Luke 21
Clarke's Commentary
The poor widow casting two mites into the treasury, Luke 21:1-4. The destruction of the temple foretold, Luke 21:5, Luke 21:6. The signs of this desolation, Luke 21:7. False Christs, Luke 21:8. Wars, Luke 21:9, Luke 21:10. Earthquakes and fearful sights, Luke 21:11. Persecutions against the godly, Luke 21:12-19. Directions how to escape, Luke 21:20-22. The tribulation of those times, Luke 21:23-28. The parable of the fig tree, illustrative of the time when they may expect these calamities, Luke 21:29-33. The necessity of sobriety and watchfulness, Luke 21:34-36. He teaches by day in the temple, and lodges by night in the mount of Olives, and the people come early to hear him, Luke 21:37, Luke 21:38.

And he looked up, and saw the rich men casting their gifts into the treasury.
The rich men casting their gifts into the treasury - See all this, from Luke 21:1-4, explained on Mark 12:41-44 (note).

And he saw also a certain poor widow casting in thither two mites.
A certain poor widow - A widow miserably poor; this is the proper import of πενιχραν, and her being miserably poor heightened the merit of the action.

Two mites - Which Mark says, Mark 12:42, make a farthing or quadrans, the fourth part of an As, or penny, as we term it. In Plutarch's time we find the smallest piece of brass coin in use among the Romans was the quadrans, but it appears that a smaller piece of money was in circulation among the Jews in our Lord's time, called here, and in Mark, Mark 12:42, a lepton, i.e. small, diminished, from λειπω, I fail. In ancient times our penny used to be marked with a deep indented cross, dividing the piece into four equal parts, which, when broken in two, made the half-penny, and, when broken into four, made the fourthing, what we have corrupted into farthing. Probably the Roman quadrans was divided in this way for the convenience of the poor. Our term mite seems to have been taken from the animal called by that name; for as that appeared to our ancestors to be the smallest of all animals, so this being the smallest of all coins was called by its name. Junius says that mite was a small base coin among the Dutch. Our word mite seems to be a contraction of the Latin minutum, a small thing, whence the French miete, a crumb, a very small morsel. See the note on Mark 12:41.

And he said, Of a truth I say unto you, that this poor widow hath cast in more than they all:
For all these have of their abundance cast in unto the offerings of God: but she of her penury hath cast in all the living that she had.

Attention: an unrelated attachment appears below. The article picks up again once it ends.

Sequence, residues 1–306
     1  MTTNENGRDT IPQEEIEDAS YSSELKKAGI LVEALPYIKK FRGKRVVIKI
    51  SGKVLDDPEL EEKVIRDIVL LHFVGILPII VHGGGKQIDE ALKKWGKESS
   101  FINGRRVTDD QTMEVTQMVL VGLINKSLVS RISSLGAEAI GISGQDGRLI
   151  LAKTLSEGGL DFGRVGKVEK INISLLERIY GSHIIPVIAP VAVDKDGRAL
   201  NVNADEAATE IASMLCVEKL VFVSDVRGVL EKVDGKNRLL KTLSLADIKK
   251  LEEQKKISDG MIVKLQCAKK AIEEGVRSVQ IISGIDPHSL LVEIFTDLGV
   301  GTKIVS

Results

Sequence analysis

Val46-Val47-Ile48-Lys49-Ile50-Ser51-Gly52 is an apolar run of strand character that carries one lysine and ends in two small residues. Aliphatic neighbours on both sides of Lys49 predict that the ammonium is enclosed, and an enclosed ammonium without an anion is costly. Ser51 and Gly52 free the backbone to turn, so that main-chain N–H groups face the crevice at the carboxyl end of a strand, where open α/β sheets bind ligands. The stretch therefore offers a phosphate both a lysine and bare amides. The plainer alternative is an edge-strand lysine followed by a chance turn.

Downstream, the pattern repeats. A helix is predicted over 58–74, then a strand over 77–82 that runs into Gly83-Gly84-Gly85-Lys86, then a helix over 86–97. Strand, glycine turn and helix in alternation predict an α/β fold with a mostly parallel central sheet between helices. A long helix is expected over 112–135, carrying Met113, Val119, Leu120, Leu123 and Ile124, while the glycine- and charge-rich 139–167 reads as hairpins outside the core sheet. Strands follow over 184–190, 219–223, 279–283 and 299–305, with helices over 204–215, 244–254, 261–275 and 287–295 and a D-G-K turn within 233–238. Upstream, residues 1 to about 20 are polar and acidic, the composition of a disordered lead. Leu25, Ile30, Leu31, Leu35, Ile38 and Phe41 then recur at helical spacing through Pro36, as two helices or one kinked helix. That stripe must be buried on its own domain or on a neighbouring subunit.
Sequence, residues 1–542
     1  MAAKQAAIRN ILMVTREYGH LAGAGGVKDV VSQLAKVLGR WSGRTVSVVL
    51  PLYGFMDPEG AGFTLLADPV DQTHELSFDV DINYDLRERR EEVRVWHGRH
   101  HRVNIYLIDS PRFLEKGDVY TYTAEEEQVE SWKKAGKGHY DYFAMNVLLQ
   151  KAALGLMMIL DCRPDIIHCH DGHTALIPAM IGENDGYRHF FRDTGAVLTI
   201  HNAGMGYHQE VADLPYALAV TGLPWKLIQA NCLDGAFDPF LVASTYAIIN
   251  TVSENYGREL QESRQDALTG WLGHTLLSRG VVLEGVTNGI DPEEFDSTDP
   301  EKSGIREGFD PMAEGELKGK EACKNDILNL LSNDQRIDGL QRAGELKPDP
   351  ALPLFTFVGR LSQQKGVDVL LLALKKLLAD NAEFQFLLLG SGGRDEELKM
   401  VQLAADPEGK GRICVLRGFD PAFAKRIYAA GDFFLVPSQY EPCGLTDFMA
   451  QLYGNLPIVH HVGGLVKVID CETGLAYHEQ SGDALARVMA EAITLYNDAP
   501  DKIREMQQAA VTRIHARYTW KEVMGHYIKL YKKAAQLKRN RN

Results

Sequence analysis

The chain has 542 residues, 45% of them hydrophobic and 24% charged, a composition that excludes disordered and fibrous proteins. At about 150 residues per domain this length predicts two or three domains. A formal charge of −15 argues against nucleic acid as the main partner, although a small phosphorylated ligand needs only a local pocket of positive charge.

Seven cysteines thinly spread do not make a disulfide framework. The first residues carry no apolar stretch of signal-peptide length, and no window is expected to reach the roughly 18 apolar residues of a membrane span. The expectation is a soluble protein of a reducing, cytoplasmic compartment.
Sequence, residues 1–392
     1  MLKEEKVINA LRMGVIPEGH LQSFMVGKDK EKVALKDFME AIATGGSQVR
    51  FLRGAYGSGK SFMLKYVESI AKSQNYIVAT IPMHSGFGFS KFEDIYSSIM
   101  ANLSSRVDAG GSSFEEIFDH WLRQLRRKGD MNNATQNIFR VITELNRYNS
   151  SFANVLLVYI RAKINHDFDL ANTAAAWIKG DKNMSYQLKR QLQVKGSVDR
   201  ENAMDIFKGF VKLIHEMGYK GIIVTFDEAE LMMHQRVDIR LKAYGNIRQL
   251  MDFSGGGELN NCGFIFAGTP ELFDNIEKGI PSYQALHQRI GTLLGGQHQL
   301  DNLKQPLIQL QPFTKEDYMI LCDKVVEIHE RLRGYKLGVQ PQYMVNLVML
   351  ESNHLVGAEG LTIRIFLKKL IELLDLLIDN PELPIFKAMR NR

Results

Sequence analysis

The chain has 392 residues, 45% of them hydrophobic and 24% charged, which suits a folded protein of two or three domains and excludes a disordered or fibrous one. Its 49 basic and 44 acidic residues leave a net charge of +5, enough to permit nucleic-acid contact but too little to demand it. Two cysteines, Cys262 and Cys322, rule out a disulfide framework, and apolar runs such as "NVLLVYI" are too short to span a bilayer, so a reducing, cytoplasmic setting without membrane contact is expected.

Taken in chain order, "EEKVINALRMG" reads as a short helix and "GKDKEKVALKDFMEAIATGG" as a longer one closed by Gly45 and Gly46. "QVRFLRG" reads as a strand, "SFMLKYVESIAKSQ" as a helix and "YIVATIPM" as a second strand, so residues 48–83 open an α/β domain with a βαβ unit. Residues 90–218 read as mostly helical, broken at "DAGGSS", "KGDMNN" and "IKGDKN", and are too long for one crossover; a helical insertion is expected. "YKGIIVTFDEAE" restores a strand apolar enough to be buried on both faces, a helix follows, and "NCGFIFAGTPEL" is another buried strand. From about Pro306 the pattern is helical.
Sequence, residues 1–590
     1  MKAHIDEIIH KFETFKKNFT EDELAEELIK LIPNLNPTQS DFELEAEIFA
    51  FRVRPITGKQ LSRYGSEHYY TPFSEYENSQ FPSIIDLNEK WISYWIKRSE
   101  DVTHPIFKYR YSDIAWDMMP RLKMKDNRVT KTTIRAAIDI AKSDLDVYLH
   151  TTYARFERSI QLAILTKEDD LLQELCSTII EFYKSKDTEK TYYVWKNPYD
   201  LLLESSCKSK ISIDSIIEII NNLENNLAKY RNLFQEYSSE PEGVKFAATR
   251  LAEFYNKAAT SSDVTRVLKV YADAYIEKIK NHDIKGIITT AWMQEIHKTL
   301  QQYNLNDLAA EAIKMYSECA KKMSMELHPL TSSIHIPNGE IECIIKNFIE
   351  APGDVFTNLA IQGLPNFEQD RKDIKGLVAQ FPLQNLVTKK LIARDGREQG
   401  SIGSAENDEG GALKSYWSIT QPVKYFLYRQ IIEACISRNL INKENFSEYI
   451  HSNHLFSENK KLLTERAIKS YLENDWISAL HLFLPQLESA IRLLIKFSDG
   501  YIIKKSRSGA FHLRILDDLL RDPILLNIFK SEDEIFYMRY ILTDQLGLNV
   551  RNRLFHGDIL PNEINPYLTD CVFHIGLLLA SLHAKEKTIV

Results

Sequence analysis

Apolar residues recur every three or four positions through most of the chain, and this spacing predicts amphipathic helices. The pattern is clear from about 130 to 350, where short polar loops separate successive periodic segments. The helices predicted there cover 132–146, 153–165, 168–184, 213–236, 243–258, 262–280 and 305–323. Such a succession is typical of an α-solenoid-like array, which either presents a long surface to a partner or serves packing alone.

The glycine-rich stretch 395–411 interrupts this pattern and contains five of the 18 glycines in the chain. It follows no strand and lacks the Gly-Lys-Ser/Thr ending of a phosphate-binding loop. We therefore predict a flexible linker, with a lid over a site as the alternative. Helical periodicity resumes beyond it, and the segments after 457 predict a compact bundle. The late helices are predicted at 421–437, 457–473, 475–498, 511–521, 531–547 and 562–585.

And as some spake of the temple, how it was adorned with goodly stones and gifts, he said,
Goodly stones - Or, costly stones. It has been thought by some that this relates not so much to the stones of which the temple was built, as to the precious stones with which it was decorated. For an account of the stones of the temple, see on Mark 13:1 (note).

And gifts - Or, consecrated things, αναθημασι. Αναθημα properly signifies a thing consecrated to sacred uses: Αναθεμα signifies a thing devoted to a curse, or to destruction. They both come from the same root, ανατιθημι, I lay up, separate; and though two meanings cannot be more opposite than those assigned to these words, yet in the words themselves a short vowel (ε) in the place of a long one (η) makes all the difference between blessing and cursing.

As for these things which ye behold, the days will come, in the which there shall not be left one stone upon another, that shall not be thrown down.
One stone upon another - This was literally fulfilled. See Matthew 24:2.

And they asked him, saying, Master, but when shall these things be? and what sign will there be when these things shall come to pass?
And he said, Take heed that ye be not deceived: for many shall come in my name, saying, I am Christ; and the time draweth near: go ye not therefore after them.
Many shall come in my name - Usurping my name: calling themselves the Messiah. See Matthew 24:5. Concerning this prediction of the destruction of Jerusalem, and its literal accomplishment, see the notes on Matthew 24:1-42 (note).

But when ye shall hear of wars and commotions, be not terrified: for these things must first come to pass; but the end is not by and by.